Mexico to vaccinate rural elderly, but still awaits vaccine
Once Mexico has vaccinated its frontline medical workers against COVID-19, the government will turn its attention to the elderly living in its most remote places, President Andrés Manuel López Obrador said Tuesday.
Ten thousand brigades made up of medical personnel and health promoters with security provided by the National Guard will target 3 million senior citizens in rural areas. The brigades will work back from isolated areas to towns and cities.
The plan will hinge on Mexico's approval of the Chinese CanSino vaccine, which only requires a single dose and doesn't require ultra-cold storage. So far, Mexico has approved only vaccines from Pfizer and AstraZeneca.
Mexico reported a near-record 11,271 new coronavirus cases Tuesday and 1,065 COVID-19 deaths. Mexico has now seen almost 1.47 million cases and 128,822 deaths in total. The highest one-day case report was 12,511 in mid-December.
Mexico started deploying those vaccines Dec. 24 in Mexico City and the northern state of Coahuila. The government hopes to have 750,000 front-line health workers vaccinated by the end of January.
Mexico started deploying those vaccines in December in Mexico City and the northern state of Coahuila. The government hopes to have 750,000 front-line health workers vaccinated by the end of January.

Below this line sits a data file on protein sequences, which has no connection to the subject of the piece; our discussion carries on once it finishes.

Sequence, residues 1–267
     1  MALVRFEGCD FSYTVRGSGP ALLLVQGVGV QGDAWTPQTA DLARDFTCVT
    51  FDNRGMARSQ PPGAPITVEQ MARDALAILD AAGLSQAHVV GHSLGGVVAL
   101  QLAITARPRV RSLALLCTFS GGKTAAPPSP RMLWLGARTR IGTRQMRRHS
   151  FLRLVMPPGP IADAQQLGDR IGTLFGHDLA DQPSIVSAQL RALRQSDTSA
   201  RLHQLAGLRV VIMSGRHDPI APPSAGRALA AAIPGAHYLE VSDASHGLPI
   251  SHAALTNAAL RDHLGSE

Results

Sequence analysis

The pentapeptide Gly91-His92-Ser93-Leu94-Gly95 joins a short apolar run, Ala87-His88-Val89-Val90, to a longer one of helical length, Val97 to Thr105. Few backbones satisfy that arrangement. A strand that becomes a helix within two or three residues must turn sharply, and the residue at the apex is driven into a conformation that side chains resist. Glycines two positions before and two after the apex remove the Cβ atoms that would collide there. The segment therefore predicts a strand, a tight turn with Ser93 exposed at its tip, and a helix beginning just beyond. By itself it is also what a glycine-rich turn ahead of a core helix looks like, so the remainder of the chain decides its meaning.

"We're going to start at the bottom, where the most marginalized people live," López Obrador said of a population that makes up an important part of his political base.
The president said teachers in states where it could be possible to return to in-person classes would also be vaccinated at that time.
The pace of the vaccine rollout, however, has been slow, with just over 4,000 shots administered Tuesday.
Much will depend on the availability of the vaccines. CanSino has not yet presented the results of its final stage trials, which would be needed for emergency approval.
Experts said it would be more efficient to focus the first vaccine efforts on elderly people living in urban areas, both because they are easier to reach and because they live closer together and have a higher risk of infection. Under López Obrador's plan, the experts said, a time-consuming and difficult campaign will be required to reach the rural elderly.
"The only explanation I see (for the plan) is a political one," said Miguel Betancourt, president of the Mexican Society for Public Health. "They are a target population for the president's policies."
"In fact, the president himself said that vaccines will be administered at the same sites used to distribute (government) pensions," Betancourt said. "I give you your vaccine, and I give you a handout."
Mauricio Rodríguez, a professor at the medical school of the National Autonomous University of Mexico, said starting in rural areas would only make sense if it involved the easier-to-use CanSino vaccine. Otherwise, he said, starting in urban areas with more cases would make more sense.
Mexican officials have expressed concern in the past that false vaccines could be offered or advertised, and on Tuesday the Caribbean coast state of Quintana Roo, home to beach resorts like Cancun, alerted residents that fake "vaccination teams" had been reported in the state.
The teams reportedly visited homes and asked people for copies of their ID cards, as a purported requirement to sign up for shots. The state health department said the teams are fraudulent and urged people not to give them any information. Such documents have been used in the past for electoral fraud and identity theft.
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